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Rep. Treneé McGee, anti-abortion candidate, wins Democratic primary

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Jessica Bravo / CT Mirror
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Treneé McGee (left) won the Democratic primary for the 116th state House District, according to unofficial results. At right is Janice Flemming-Butler, owner of Voices of Women of Color.

Rep. Treneé McGee, D-West Haven, defeated rival Joseph Miller in Tuesday’s primary for the Democratic nomination for the 116th House District, according to unofficial results reported by the campaigns in a race that was shaped by the issue of abortion access and reproductive rights.

McGee, the party-endorsed incumbent, first won the seat last December during a special election after the resignation of former Rep. Michael DiMassa. McGee, 27, became the first Black person to hold the 116th District, and she secured the West Haven Democratic Town Committee’s endorsement for the primary.

While McGee opposes abortion, Miller, 24, ran as a supporter of those rights. He’s a West Haven resident who works as a supply chain and IT consultant. Miller jumped into the primary in April and said McGee’s opposition on the issue was “really one of several factors that got me over the hump and decide to run.”

He called McGee to concede Tuesday night.

At McGee’s victory party, a crowd of about 50 supporters applauded her as she walked into The Village Bar & Grill. Janice Flemming-Butler from Voices of Women of Color hugged and kissed her cheek. During her speech, McGee thanked the organization for helping her when she was new to the state Capitol.

“I’d like to thank the voters of the 116th for putting their faith in me and propelling me forward toward the general election this fall,” McGee said Tuesday night. “Serving the community that I was born and raised in is one of the greatest moments of my life.”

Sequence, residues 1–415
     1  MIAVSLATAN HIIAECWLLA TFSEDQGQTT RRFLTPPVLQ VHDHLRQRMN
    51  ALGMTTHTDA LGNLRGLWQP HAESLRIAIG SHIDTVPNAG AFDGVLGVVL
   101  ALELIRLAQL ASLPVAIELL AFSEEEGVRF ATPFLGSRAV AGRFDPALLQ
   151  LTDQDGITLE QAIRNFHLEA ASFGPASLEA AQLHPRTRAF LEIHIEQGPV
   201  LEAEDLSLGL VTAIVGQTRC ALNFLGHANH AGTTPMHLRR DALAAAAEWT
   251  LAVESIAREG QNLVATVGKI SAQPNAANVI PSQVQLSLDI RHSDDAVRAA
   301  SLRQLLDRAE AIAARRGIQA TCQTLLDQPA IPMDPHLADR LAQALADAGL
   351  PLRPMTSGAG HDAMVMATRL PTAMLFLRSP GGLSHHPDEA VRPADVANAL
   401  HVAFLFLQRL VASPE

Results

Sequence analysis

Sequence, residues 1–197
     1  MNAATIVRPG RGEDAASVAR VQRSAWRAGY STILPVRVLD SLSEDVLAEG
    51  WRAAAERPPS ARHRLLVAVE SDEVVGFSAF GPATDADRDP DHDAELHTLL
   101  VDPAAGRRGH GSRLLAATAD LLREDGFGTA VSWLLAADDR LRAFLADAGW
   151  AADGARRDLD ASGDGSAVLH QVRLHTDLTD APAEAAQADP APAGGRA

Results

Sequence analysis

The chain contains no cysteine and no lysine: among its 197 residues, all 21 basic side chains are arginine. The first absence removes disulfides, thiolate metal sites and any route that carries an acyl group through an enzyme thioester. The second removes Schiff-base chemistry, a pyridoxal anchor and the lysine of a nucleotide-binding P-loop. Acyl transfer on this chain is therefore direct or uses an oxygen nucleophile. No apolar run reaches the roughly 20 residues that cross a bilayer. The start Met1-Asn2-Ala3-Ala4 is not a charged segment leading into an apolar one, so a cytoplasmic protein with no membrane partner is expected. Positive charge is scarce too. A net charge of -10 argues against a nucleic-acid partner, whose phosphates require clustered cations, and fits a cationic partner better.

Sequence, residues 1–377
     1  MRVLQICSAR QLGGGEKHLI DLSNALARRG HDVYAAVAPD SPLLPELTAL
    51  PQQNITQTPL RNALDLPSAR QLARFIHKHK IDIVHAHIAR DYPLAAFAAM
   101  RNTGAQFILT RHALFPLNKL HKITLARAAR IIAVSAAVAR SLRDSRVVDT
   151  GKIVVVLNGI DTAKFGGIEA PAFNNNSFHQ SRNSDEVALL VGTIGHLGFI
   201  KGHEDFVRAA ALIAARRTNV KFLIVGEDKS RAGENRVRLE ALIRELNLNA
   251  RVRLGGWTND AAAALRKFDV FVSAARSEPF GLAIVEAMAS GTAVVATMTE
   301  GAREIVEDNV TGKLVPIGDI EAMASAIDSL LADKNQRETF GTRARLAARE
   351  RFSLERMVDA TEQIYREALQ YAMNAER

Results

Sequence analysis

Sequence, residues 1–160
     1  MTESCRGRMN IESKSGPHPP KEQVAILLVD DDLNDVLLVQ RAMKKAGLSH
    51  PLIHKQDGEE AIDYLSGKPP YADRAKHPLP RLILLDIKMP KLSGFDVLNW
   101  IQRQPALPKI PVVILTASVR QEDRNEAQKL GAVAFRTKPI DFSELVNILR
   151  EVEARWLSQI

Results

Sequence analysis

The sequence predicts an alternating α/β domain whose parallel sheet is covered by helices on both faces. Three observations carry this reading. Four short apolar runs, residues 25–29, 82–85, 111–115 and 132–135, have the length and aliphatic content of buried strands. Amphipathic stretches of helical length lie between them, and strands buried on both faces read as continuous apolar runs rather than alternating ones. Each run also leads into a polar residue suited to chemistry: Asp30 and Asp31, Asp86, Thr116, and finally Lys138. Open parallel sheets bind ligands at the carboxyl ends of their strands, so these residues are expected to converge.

As both parties become more polarized about abortion rights, the Democratic Party is still debating whether it can be a “big tent” when it comes to the issue. But the primary came at a politically fraught time surrounding those protections, especially after the Supreme Court overturned the 1973 ruling in Roe v. Wade that made abortion a constitutional right.

McGee, a former city councilwoman and motivational speaker, secured a spot in the General Assembly after the arrest and resignation of DiMassa. He faces criminal charges over allegations of misusing federal pandemic relief funds while working as a city employee.

McGee served on West Haven’s City Council until March, when she decided to resign to focus on her work in Hartford as a state representative.

During this year’s legislative session, McGee opposed legislation that made Connecticut a “safe harbor” state that provides legal protections to patients who travel to the state for an abortion as well as to the providers. The bill ultimately passed the state legislature and was signed into law in May.

When speaking about reproductive rights, McGee has focused on racial justice, saying that young Black girls are told to use abortion as birth control.

“I want to speak to the history of this industry and why I think it’s destructive to my community,” McGee said in April during debate of the bill expanding abortion access. “Black women make up 14% of child-bearing population yet obtained 36.2% of all reported abortions.”

McGee now goes on to face Republican Aaron Haley in the Nov. 8 general election. Haley ran uncontested in Tuesday’s primary.

Aside from McGee, there were a number of other primaries for General Assembly including a few open-seat races created by retirements or incumbents seeking political promotions.

In the 98th District, Moira Rader, a school board member endorsed by the party, defeated Andrew Gottlieb, according to official results. The seat opened up because Rep. Sean Scanlon, D-Guilford, ran for comptroller during Tuesday’s primaries. Rader will face Republican Gloria Nemczuk in November.

Lisa Hagen is the federal policy reporter in a collaboration between Connecticut Public and The Connecticut Mirror. Hagen is based in Washington, D.C., and produces stories that examine the impact of federal policy on Connecticut.